Yesterday I asked a question but didn't check on it until today. Today I found out I made a typo in my code which made my question not have sense anymore. Question was heavily downvoted and put on hold. I edited the question and explained what happened and then I wanted to create a new question with the correct code but I couldn't since it was recognized as a duplicate (even if I changed the title and some of it's content). So I cannot re-ask that question. I also cannot delete the original since people already answered to it. And I cannot edit the original question and correct the code since it's downvoted and no one will look at it anymore.

How do I reask my question so I can get some answers?

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    Whatever you do, you shouldn't vandalize the existing question. Replacing the existing content & title with an "I'm sorry" message is not the way to go. – yivi Jan 24 '18 at 8:19
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    Important lesson learned: stick to what How do I ask a good question? advices. In particular: "After you post, leave the question open in your browser for a bit, and see if anyone comments. If you missed an obvious piece of information, be ready to respond by editing your question to include it. If someone posts an answer, be ready to try it out and provide feedback!". – Just a student Jan 24 '18 at 8:24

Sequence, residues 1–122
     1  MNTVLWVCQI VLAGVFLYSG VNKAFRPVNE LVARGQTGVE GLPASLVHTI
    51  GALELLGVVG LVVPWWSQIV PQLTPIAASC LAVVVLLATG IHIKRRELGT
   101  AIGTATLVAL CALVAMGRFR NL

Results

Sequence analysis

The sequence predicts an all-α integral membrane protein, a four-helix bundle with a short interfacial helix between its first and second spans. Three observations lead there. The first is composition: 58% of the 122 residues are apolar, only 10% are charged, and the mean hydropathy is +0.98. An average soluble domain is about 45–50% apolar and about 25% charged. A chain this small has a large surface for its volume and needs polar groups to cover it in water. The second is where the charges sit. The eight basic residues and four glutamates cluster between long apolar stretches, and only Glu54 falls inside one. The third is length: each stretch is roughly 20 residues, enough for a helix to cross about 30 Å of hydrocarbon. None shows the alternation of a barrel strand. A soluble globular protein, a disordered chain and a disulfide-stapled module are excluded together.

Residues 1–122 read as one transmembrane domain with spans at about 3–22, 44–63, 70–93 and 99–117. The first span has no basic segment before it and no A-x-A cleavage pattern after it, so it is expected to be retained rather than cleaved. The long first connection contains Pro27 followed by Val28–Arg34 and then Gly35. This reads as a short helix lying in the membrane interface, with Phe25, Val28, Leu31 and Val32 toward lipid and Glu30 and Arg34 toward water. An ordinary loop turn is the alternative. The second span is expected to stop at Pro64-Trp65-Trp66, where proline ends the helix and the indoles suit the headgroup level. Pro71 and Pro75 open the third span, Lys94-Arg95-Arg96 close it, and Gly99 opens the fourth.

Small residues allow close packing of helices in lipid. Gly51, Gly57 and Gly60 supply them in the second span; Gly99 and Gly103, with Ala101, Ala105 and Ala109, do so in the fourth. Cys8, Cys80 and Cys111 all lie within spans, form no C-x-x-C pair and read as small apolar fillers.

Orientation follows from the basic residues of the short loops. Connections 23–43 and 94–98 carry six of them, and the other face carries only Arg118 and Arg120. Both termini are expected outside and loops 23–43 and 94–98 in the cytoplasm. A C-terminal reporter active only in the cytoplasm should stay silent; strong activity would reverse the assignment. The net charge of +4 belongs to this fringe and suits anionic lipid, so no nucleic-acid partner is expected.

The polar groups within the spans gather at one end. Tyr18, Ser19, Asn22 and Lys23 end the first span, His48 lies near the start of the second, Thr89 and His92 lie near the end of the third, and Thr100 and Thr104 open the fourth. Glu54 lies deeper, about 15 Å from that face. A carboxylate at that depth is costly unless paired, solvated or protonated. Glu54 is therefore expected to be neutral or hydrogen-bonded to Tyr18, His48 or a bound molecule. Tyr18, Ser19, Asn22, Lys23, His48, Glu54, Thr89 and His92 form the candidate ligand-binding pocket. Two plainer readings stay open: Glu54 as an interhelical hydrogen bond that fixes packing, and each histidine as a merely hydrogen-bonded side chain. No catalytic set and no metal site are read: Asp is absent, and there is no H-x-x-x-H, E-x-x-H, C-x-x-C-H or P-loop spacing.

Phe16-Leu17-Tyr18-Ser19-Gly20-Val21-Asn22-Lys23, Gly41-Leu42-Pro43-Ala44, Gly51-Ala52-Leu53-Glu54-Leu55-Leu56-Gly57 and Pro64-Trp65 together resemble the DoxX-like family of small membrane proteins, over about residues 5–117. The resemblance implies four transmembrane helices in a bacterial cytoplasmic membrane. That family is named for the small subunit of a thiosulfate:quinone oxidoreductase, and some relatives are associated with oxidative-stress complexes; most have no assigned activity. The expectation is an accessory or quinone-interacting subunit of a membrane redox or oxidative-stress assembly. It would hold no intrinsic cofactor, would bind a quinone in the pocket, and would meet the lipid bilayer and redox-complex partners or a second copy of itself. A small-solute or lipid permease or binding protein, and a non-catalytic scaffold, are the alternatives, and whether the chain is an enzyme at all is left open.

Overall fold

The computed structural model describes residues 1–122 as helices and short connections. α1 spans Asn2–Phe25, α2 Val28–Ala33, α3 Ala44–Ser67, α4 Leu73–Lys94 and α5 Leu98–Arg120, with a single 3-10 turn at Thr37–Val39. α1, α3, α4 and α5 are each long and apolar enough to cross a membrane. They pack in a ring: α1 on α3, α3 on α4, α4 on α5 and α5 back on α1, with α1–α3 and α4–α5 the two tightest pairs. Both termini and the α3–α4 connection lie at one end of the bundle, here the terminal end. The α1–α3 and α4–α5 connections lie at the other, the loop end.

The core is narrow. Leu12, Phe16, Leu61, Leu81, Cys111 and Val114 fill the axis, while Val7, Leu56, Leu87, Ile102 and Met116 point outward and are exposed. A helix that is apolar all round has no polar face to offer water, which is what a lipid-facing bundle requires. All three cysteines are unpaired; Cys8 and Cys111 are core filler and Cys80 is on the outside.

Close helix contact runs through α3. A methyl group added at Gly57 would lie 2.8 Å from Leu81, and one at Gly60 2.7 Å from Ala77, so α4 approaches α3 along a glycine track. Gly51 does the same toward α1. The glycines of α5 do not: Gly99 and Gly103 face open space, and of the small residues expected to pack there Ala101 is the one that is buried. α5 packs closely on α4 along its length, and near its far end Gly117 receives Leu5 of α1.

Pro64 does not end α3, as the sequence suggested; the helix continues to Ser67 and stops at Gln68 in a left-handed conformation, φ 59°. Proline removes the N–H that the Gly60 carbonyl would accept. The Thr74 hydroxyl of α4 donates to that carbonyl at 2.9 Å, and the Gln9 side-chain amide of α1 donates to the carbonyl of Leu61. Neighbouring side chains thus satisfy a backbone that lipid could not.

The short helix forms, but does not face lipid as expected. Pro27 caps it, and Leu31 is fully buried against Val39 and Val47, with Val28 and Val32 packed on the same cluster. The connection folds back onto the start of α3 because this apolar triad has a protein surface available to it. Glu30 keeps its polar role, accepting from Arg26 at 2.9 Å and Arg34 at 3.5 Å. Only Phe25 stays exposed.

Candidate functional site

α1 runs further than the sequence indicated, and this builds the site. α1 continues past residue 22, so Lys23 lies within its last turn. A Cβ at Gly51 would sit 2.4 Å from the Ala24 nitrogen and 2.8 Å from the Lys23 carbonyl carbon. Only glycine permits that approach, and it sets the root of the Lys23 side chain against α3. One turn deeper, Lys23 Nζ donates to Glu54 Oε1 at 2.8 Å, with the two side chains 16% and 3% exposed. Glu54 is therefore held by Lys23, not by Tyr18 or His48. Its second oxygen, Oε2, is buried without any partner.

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    Unfortunately, there has been a spate recently of code that has been maunually transcribed from books or exam/homework papers. Such code very often has omissions/typos and/or other syntax errors that results in failed compilation/interpretation. Such code is heavily downvoted, and rightly so, because it wastes the time/effort of everyone involved. If the OP's had compiled/tested the code first, THEN copy/pasted the code into an SO question, this kind of waste would be avoided. – Martin James Jan 24 '18 at 8:28
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    I mean, even if you do reask your question, why should the skilled and experienceed developers who answer many questions on SO bother to look at it again? It may be full of typos again, so best to spend time on another question. Given the number of questions posted to SO, and the small number of users volunteering time to answer them, you have to get your question right first time, else you will get hammered for it:( – Martin James Jan 24 '18 at 8:32
  • Your comments seems to say "if you made a mistake the first time then you're **** out of luck and you won't get your answer (ever). That's disappointing. – NPS Jan 24 '18 at 8:37
  • @NPS mistake? It's only my comments here and my aversion to the 'meta effect' that has prevented me from applying a delete vote. That question is just terribru:( It's massively disappointing when questions like that are asked. Where did you get that code from? – Martin James Jan 24 '18 at 8:41